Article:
My husband was recently diagnosed with early stages of emphysema. He is 52 yrs. old and has been a smoker for over 30 years. He did quit as of 3 months ago. We have an appt. with a pulmonologist in June, but are trying to find out some information. Is early stage emphysema usually treated and if so by how. What is the probable outlook for say the next 10 years, if you get regular medical attention, good diet, exercise, etc. My husband seems to think this is a death sentence and he will probably be dead in the next 2 years. I have read a lot of information on the internet, and many places say if you quit smoking in the early stages and practice overall good health habits, you can live a normal life span. Can anyone give us any insight into what is ahead for us. We have 2 teenagers, and are extremely concerned about our family. Thank you.
All but the very mildest COPD/Emphysema should be treated with inhaled drugs (bronchodilators). If your husband's disease truly is mild or even mild to moderate, his prognosis is very good, and he should be able to lead a normal life, with a normal or near-normal life span. This is true only if he never smokes again and avoids high levels of all pulmonary irritants, including bad air pollution.
Thirty years of smoking, especially if smoking a pack a day or more, is a lot of smoking and he may have had some irreversible lung damage/loss. Pulmonary function tests will provide a quantitative measure of lung lost and lung function remaining.
As described, this is an opportunity, not a death sentence. Congratulations to your husband on quitting smoking!
The term COPD is an abbreviation for chronic obstructive pulmonary disease. COPD is a general term used to describe the chronic lung disease linked with cigarette smoking and worsened by contact with industrial dusts and other toxins. This is also called emphysema. It is a disease that worsens over time. There is a relatively irreversible decrease in airflow and permanent destruction of the airsacs in the lung.
Hi! I have severe emphysema from no known cause. I was diagnosed out of the blue at age 42. My docs agree that I can probably live a long and full life and it IS NOT A DEATH SENTENCE. Since my diagnsis 5 years ago, I have been able to do more & feel better with appropriate treatment, exercise, and good general health habits.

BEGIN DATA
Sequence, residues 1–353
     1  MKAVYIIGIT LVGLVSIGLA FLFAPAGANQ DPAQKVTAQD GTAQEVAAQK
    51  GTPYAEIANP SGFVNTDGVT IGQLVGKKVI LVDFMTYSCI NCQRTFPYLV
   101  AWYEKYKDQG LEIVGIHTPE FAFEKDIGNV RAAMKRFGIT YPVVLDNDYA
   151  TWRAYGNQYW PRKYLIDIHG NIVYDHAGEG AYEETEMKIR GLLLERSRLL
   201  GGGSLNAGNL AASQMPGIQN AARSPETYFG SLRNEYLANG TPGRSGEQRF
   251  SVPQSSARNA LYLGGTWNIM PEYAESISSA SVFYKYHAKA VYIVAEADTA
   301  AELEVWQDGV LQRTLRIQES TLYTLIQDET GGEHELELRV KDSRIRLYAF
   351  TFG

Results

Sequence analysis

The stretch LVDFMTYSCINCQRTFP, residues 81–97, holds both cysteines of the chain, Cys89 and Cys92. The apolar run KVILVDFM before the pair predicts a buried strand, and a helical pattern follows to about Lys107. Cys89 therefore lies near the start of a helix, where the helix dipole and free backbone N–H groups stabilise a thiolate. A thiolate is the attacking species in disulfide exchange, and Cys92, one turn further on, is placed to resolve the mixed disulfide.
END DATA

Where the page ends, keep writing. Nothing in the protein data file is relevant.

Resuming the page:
Please be reassured that your outlook is correct, but your husband's doctor needs to explain this to your husband. The main thing to do is avoid all infections and get a pneumonia & flu shot, exercise, eat properly & take good care of himself. Also, ask his doctors to test him for Alpha-1 antitrypsin deficiency, since that will require additional treatment. More info about it is here: http://www.lungusa.org/site/pp.asp?c=dvLUK9O0E&b=35014
You can read some great info at www.NationalJewish.org, particlularly their MedFacts and Understanding series. You can also read some great info at
Your outlook on this is so positive, i wish my husband had this outlook, weve been dealing with asthma and cronic (chronic) bronchitis for almost 20 years, and now he has been diagnosed with moderate COPD at the age of 41, he has a bad attitude and does not want to change his ways(smoking) He has a 7mm module on his left upper lobe, The doctor thinks it is benign, but wants to do another CT in 3 months. Can you give me some pointers on what I can do to help him through this besides nagging, That has not worked at all!!!!
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